Giving companies enough time to carefully prepare for a move from U.S. GAAP to IFRS is critical, the AICPA told the SEC in a comment letter filed Thursday.
The AICPA assembled members from business and industry with public company backgrounds to discuss questions the SEC posed in a recent request for comment about a potential IFRS mandate. “The overriding message from panel participants was that an adequate transition period will be the most important consideration in mitigating concerns outlined in the request for comment,” the letter states. How successful FASB and the International Accounting Standards Board (IASB) are at harmonizing GAAP and IFRS through their joint convergence projects is also major factor in determining how long and how challenging conversion will be, the Institute said.
In one release, the SEC asked for feedback regarding investor knowledge of the international accounting standards and what it might take–in time and logistics–to improve investor understanding of IFRS. A second release focused on gauging the impact that adopting IFRS would have on issuers’ compliance with contractual arrangements that require the use of U.S. GAAP and their compliance with corporate governance requirements, as well as the “application of certain legal standards tied to amounts determined for financial reporting purposes.” The SEC also has a general request form on its website for comment on the work plan. The AICPA’s comment letter is in response to the second release covering topics in the IFRS work plan affecting issuers.
In the portion of its letter regarding the impact of IFRS conversion on contractual arrangements, the AICPA voices support for a requirement for companies adopting IFRS to file one year of comparative financial statements rather than two. “Our research indicates that companies will need five years preparation time to adopt IFRS if the SEC requires two years of historical comparative financial statements. If only one year of comparative financial statements is required, a four-year transition period would be needed to adopt IFRS.” The SEC has not said what the requirement would be.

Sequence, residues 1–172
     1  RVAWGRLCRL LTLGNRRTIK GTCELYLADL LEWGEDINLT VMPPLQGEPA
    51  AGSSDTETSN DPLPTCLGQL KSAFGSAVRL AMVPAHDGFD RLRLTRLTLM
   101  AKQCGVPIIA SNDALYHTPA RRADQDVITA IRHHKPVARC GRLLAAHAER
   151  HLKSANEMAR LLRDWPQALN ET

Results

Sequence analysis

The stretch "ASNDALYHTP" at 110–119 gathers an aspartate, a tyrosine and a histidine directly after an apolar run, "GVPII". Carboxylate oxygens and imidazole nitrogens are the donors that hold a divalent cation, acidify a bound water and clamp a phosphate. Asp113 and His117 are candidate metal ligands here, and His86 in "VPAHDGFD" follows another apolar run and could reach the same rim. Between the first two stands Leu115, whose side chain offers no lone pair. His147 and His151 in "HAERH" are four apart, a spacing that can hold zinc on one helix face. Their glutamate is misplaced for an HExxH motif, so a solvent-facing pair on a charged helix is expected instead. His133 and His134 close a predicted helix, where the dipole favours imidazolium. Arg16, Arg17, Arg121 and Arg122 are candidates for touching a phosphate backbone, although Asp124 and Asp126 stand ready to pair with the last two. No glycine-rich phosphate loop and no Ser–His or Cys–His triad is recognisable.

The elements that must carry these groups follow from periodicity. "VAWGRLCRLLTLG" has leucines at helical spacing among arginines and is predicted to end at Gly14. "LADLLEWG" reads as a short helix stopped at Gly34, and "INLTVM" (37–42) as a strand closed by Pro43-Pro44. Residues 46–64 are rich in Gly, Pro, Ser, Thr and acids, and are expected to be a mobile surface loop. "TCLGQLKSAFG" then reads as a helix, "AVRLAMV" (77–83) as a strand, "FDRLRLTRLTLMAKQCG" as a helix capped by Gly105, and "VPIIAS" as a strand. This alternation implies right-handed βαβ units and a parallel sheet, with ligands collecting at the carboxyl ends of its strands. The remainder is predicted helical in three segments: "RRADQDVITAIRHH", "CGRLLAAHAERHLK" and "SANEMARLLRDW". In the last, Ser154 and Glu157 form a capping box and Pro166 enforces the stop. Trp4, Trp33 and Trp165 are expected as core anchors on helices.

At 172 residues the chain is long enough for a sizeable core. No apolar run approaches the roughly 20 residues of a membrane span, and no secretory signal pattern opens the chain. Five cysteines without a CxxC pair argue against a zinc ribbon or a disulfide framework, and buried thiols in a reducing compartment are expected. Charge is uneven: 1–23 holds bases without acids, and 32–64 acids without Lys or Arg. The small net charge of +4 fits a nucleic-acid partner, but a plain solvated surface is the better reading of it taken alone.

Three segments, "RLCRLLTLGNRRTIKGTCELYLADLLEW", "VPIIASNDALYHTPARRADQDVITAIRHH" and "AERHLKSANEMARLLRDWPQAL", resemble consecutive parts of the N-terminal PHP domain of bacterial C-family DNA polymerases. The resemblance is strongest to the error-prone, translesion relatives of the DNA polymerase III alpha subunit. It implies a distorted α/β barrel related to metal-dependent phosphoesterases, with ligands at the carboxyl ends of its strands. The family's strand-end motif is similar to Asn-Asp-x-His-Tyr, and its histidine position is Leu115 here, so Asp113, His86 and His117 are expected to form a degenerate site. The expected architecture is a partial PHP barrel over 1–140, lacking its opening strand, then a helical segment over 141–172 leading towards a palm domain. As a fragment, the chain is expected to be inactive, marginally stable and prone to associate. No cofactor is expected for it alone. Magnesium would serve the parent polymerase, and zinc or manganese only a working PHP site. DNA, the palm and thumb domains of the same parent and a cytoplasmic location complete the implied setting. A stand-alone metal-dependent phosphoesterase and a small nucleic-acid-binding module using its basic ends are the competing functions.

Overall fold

“Whether one or two years of comparative statements are required, a majority of round table participants believe the SEC should allow for a minimum of two years preparation time before the earliest opening balance sheet date. Companies will need to start tracking both U.S. GAAP and IFRS results on that date, and we believe most companies will need at least two years to prepare their systems,” the letter states.
The AICPA in its letter repeated its support for a “single set of high-quality, comprehensive accounting standards to be used by public companies” around the world, and said IFRS as issued by the International Accounting Standards Board appears to be “best positioned to become those standards.”
The SEC’s unanimous approval in February of a new policy statement and staff work plan set the scene for a watershed vote next year on if and when the CPA profession will be required to transition to IFRS for U.S. public company financial reports. The statement says the SEC is not ruling out the possibility that issuers may be allowed to choose between the use of IFRS or U.S. GAAP.
Though much remains uncertain, the SEC has made clear that it envisions 2015 as the earliest possible date for the required use of IFRS by U.S. public companies. Commissioners have called for more study of IFRS and a 2011 vote on whether to move ahead with a mandate to use IFRS. The SEC is expected to publish periodic progress reports on its work, starting no later than this month.
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